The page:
November 03, 2021 7 min read
The Decline Bench press is a modification of a regular bench press whereby your bench is set to a decline allowing you to press whilst activating more of your lower chest muscles when compared to a flat bench press. The angle of the bench typically ranges between 15 and 30 degrees.
The main reason for incorporating decline bench pressing into your chest routine is that it will help you to effectively target your lower pectoralis major, also known as pecs. This is one of your major chest muscles that is responsible for flexion and adduction of your humerus, the long bone in your arm that runs from your shoulder to your elbow.
Whilst many simply stick to regular flat bench pressing, the purpose of undertaking decline bench pressing is that will help for overall chest development. Flat bench pressing will certainly hit the lower pecs, but decline pressing will ensure more emphasis is placed on the lower chest.
When compared to flat bench pressing and incline bench pressing, pressing on a decline will actually help to reduce stress on your back, making this an ideal exercise if you have any back injuries but still wish to train your chest muscles effectively.
As well as limiting stress to your back muscles, it will also help to reduce the load on your shoulders. Essentially, what the decline angle is doing is moving all that stress from both your shoulders and back and placing most of it on your lower chest.
There is some anecdotal evidence of people being able to lift more weight when decline pressing as opposed to incline or flat pressing. So, if you want to be able to push yourself that little bit harder during your bench press session, doing so on a decline could be a viable option.
As mentioned above, the primary muscle that you’re going to be working is the lower part of your pectoralis major. The movement will also work the upper part of this muscle but not to the same degree.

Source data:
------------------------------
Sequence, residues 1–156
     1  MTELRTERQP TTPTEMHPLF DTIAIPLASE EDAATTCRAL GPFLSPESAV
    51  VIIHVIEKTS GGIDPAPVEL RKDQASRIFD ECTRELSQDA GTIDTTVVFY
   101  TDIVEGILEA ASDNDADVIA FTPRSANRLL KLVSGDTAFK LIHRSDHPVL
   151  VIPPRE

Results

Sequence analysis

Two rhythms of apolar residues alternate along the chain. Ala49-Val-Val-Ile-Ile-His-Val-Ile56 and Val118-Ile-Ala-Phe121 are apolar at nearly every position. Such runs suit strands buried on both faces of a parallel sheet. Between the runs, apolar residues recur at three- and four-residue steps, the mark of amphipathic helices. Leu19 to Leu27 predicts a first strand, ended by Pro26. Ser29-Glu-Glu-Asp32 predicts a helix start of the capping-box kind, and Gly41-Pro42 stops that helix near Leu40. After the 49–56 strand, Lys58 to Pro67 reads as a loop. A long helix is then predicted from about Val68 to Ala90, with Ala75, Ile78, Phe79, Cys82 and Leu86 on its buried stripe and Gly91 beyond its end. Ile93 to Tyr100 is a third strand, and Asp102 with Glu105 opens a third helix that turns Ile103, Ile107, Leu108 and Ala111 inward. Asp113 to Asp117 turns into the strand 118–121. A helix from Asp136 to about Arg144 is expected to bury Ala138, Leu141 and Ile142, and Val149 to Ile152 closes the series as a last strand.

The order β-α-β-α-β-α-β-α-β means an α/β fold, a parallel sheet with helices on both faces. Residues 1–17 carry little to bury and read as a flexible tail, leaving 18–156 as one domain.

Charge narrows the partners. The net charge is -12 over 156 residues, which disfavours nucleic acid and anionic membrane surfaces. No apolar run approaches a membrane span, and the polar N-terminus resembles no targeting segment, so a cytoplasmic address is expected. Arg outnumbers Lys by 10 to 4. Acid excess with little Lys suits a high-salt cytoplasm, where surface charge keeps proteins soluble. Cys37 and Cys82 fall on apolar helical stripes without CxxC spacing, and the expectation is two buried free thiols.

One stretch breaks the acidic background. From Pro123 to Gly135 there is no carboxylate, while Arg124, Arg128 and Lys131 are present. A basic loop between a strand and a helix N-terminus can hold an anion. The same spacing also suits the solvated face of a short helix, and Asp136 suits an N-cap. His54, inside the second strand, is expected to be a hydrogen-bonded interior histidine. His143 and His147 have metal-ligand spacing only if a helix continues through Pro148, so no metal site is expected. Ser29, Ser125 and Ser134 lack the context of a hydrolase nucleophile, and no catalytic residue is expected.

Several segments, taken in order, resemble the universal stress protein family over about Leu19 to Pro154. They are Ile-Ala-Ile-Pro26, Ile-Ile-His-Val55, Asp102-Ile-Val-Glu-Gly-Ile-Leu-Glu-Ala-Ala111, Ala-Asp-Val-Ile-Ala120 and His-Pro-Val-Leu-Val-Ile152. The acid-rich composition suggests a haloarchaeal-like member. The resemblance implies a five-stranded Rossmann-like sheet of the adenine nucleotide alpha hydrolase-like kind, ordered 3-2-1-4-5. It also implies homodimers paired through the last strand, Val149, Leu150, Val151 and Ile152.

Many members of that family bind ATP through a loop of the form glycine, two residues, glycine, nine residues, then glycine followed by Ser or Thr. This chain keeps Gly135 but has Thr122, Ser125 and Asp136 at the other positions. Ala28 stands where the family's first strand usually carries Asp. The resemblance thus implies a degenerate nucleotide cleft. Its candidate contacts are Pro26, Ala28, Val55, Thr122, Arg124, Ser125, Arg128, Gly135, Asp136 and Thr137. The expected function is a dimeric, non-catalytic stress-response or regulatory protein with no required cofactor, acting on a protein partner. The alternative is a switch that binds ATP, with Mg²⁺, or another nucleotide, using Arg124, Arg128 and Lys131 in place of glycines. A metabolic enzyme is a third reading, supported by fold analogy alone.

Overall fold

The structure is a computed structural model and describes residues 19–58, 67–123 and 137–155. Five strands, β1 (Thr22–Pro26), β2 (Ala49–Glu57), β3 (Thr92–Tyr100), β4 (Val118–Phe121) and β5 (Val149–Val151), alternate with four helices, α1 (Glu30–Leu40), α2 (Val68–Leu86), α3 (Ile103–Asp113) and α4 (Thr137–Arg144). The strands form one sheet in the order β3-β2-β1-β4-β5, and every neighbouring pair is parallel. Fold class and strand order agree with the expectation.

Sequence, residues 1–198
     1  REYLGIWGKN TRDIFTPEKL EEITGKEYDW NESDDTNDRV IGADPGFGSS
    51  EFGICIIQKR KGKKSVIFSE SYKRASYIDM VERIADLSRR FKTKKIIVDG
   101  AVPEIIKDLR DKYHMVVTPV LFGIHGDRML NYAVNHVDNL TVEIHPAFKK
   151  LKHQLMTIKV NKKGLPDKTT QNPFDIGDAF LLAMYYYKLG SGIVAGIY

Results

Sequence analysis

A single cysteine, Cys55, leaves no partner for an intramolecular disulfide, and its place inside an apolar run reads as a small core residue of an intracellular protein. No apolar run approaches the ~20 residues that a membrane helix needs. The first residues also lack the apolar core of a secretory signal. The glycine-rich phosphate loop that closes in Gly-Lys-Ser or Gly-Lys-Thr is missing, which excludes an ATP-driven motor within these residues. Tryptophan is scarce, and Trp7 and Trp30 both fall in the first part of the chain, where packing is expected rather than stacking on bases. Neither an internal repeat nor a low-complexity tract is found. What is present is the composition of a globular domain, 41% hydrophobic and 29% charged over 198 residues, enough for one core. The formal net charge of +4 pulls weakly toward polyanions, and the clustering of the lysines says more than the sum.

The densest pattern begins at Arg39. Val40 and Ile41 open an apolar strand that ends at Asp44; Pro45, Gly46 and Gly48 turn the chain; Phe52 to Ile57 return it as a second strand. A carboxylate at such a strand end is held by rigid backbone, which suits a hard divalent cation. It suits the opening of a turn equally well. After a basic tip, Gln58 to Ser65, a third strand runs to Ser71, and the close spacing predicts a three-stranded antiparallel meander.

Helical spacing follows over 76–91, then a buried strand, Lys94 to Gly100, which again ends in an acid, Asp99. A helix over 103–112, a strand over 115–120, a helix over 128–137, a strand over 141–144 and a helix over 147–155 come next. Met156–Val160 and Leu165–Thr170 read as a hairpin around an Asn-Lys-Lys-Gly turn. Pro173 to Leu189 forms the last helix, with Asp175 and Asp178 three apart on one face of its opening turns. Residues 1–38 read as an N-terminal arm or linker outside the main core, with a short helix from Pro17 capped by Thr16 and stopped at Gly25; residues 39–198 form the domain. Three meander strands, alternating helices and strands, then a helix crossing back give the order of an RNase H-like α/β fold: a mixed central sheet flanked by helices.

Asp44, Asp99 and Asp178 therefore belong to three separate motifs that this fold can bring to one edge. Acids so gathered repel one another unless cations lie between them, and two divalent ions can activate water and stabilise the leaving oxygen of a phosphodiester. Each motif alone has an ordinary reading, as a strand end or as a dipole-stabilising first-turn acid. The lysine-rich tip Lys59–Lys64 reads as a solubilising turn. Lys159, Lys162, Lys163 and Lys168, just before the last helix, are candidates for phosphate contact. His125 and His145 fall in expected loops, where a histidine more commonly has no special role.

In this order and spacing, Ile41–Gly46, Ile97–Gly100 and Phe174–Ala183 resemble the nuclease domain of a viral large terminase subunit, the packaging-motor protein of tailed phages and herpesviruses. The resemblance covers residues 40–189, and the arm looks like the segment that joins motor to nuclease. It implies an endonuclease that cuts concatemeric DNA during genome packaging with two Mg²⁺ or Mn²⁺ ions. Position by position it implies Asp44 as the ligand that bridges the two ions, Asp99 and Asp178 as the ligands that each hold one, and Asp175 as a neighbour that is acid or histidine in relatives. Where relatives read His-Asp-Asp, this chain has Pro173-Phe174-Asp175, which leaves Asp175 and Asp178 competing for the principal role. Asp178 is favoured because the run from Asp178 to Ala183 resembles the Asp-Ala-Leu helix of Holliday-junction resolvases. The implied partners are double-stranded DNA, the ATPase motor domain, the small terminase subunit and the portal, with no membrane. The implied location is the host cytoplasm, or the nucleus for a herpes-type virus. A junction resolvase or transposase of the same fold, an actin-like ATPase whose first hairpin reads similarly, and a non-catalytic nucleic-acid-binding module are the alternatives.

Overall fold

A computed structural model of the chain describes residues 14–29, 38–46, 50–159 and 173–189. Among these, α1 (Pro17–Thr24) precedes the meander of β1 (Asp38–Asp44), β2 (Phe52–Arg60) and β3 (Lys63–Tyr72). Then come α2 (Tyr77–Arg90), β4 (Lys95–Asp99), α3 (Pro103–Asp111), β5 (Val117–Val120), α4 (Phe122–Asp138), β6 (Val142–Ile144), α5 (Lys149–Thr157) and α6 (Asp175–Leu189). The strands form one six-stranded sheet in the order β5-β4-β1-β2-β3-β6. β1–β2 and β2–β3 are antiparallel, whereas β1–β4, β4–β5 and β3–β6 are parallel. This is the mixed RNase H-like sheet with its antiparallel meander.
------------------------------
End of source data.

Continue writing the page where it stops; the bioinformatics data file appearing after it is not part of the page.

The exercise will also work the anterior deltoids, this is front part of your shoulders and also your triceps. If you are doing this movement with a close grip it will have much more emphasis on the triceps, so factor this in if that’s one of the muscles you’d like to target.
The ideal way to under this movement is to make use of a proper decline bench, this will ensure you press with the correct form. This should offer rollers to lock in your feet with many benches being adjustable so you can set up to suit your build and stature.
Once you’ve set up correctly, follow the below steps to safely and effectively undertake a decline bench press. It’s worth noting that due to the somewhat awkward nature of this movement, decline pressing is better suited to athletes who already undertake regular flat or incline pressing.
Other things to consider when you undertake a decline bench press:
When you are at the bottom part of the movement, hold the weight for a couple of second to increase time under tension. This will help stimulate muscle growth and strength.
Think about your breathing technique with bench pressing. Breath in as you lower the barbell, this is known as an eccentric movement and breath out as you press back up, this is referred to as a concentric movement. Breathing like this will ensure your body receives enough oxygen and will help to improve your stability. Be sure not to hold your breath as this could result in a rise in blood pressure.
Even though you may be able to press more weight when compared to a flat bench that doesn’t necessarily mean it’s going to be easier. You’ll definitely notice less pressure on your back and shoulders, making this movement more comfortable for pressing, but a downside is that the angle can feel unwieldy so it’s not ideal for beginners who have just started bench pressing.
The fundamental difference between a decline bench press and a flat bench press is, of course, the angle that you are at whilst pressing.
The flat bench is going to target both the upper and lower heads of the pectoralis major with the decline putting much more emphasis on to the lower part of this muscle.
There is more activation of your shoulders with incline pressing so proper form is vital to prevent any injuries.
When pressing on an incline you’re going to be doing so at an angle of between 15 to 50 degrees. The more of an incline you are on the more of your front deltoids you are going to target so consider this when setting up for an incline bench press.
Incline pressing does put significantly more stress on your shoulders and rotator cuffs so factor in any upper body injuries before undertaking this movement.